Hulk Hogan testifies in his suit against Gawker. Image credit: Slate.

The USLS celebration panel hosted three experts on revenge porn, including two attorneys knowledgeable about Minnesota’s new suite of civil and criminal remedies that went into effect in late-summer 2016. See Minn. Stat. §§ 604.31 (civil), 617.261 (criminal). In response to my question about the civil action, one of the attorneys remarked that he believed the Minnesota law created a “copyright” to one’s image, enabling that person to prevent unwanted dissemination and exploitation of pictures and recordings depicting the person in a sexual way. For the sake of persons hoping to prevent and recover damages for unwanted dissemination under Minnesota’s new law, I hope he’s incorrect; after all, the Copyright Act preempts all state laws that overlap with federal protections over the subject matter of copyright, see 17 U.S.C. § 301(a)—which includes photographs and videos, see 17 U.S.C. § 102(a)(5)-(6).

In order to bring a civil action for non-consensual dissemination of private images (the “revenge porn civil action”) in Minnesota, (1) the defendant must have disseminated a private image without the plaintiff’s consent, (2) the image must have been of a sexual character, (3) the plaintiff must have been identifiable in the image, and (4) the image must have been obtained or created under circumstances in which the plaintiff had a reasonable expectation of privacy. See § 604.31, subd. 1. If these four elements are shown, the plaintiff may recover general and special damages, including financial losses resulting from the dissemination of an image and damages for mental anguish, disgorgement of profits made from dissemination, civil penalties, and attorneys’ fees. See § 604.31, subd. 3. See the Minnesota Senate’s overview of this law for more general information about the revenge porn civil action.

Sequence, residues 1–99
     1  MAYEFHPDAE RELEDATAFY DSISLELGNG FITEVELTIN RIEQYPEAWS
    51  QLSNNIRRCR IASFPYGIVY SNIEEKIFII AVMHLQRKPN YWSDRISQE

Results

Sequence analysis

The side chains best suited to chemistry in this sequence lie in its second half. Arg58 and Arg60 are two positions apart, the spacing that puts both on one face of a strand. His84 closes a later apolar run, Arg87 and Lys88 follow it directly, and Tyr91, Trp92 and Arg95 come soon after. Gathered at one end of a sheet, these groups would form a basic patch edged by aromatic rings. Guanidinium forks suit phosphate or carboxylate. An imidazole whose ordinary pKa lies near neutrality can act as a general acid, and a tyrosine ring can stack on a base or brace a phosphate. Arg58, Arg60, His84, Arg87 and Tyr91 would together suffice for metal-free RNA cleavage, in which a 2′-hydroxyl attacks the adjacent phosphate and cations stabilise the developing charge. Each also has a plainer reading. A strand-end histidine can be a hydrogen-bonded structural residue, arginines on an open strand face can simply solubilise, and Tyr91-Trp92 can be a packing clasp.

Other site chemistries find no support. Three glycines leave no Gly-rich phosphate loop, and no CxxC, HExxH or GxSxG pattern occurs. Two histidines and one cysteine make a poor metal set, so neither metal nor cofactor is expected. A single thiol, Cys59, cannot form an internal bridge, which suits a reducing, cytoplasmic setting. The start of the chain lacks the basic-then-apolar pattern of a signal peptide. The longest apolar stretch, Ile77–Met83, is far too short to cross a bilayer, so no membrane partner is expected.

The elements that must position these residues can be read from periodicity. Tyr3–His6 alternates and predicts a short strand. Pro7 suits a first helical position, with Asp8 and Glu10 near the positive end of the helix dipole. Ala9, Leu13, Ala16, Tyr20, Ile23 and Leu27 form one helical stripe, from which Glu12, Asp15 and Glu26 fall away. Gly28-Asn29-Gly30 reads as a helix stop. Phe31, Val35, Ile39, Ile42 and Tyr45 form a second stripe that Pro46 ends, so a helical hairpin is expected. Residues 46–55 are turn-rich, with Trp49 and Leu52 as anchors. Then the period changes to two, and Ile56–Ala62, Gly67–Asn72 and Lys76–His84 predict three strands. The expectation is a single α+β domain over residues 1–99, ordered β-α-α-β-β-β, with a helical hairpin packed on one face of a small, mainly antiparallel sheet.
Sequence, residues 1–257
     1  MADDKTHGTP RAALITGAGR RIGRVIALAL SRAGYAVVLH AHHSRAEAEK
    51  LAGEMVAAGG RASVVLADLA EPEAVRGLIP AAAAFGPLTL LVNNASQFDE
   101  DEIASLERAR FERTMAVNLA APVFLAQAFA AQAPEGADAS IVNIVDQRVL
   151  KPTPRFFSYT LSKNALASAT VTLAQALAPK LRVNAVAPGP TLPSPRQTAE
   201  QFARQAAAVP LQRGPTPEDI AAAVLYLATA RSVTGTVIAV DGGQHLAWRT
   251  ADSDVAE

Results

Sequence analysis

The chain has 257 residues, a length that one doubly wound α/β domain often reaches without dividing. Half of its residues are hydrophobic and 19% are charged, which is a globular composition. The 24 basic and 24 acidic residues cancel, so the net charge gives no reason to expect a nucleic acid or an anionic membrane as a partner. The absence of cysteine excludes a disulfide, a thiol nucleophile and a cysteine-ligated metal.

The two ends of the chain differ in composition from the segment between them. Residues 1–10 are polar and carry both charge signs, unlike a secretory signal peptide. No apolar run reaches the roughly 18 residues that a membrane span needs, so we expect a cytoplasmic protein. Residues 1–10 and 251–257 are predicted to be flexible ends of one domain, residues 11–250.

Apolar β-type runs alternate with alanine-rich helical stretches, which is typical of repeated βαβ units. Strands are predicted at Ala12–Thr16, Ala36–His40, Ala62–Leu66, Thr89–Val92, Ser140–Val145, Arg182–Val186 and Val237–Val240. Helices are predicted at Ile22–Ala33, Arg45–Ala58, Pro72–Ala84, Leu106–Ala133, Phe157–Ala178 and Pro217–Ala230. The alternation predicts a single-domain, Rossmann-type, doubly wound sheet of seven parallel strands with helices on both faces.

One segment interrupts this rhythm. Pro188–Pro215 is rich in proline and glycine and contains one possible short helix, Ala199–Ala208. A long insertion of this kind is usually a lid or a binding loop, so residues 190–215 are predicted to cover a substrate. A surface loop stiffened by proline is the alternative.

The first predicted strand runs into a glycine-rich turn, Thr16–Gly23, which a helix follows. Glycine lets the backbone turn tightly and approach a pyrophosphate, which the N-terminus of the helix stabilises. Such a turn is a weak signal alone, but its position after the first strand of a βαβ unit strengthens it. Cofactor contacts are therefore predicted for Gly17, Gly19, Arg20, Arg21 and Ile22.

What’s interesting about this cause of action is that it’s a blend of both (1) the right to privacy and (2) an intellectual property right called the right of publicity. Right to privacy claims (for invasion of privacy) typically remedy the unjustified exploitation of one’s personality and injury to privacy interests that are emotive or reputational. Right of publicity claims, on the other hand, combat the unauthorized use of one’s identity in commercial advertising and compensate persons for the value of the commercial use of that identity and/or reductions in the value of the cultivated identity. Minnesota’s revenge porn civil action appears to be a specific hybrid of both kinds of claims; it protects both privacy and property interests in a person’s identity and provides relief in the form of both reputational and economic damages, as well as injunctive relief.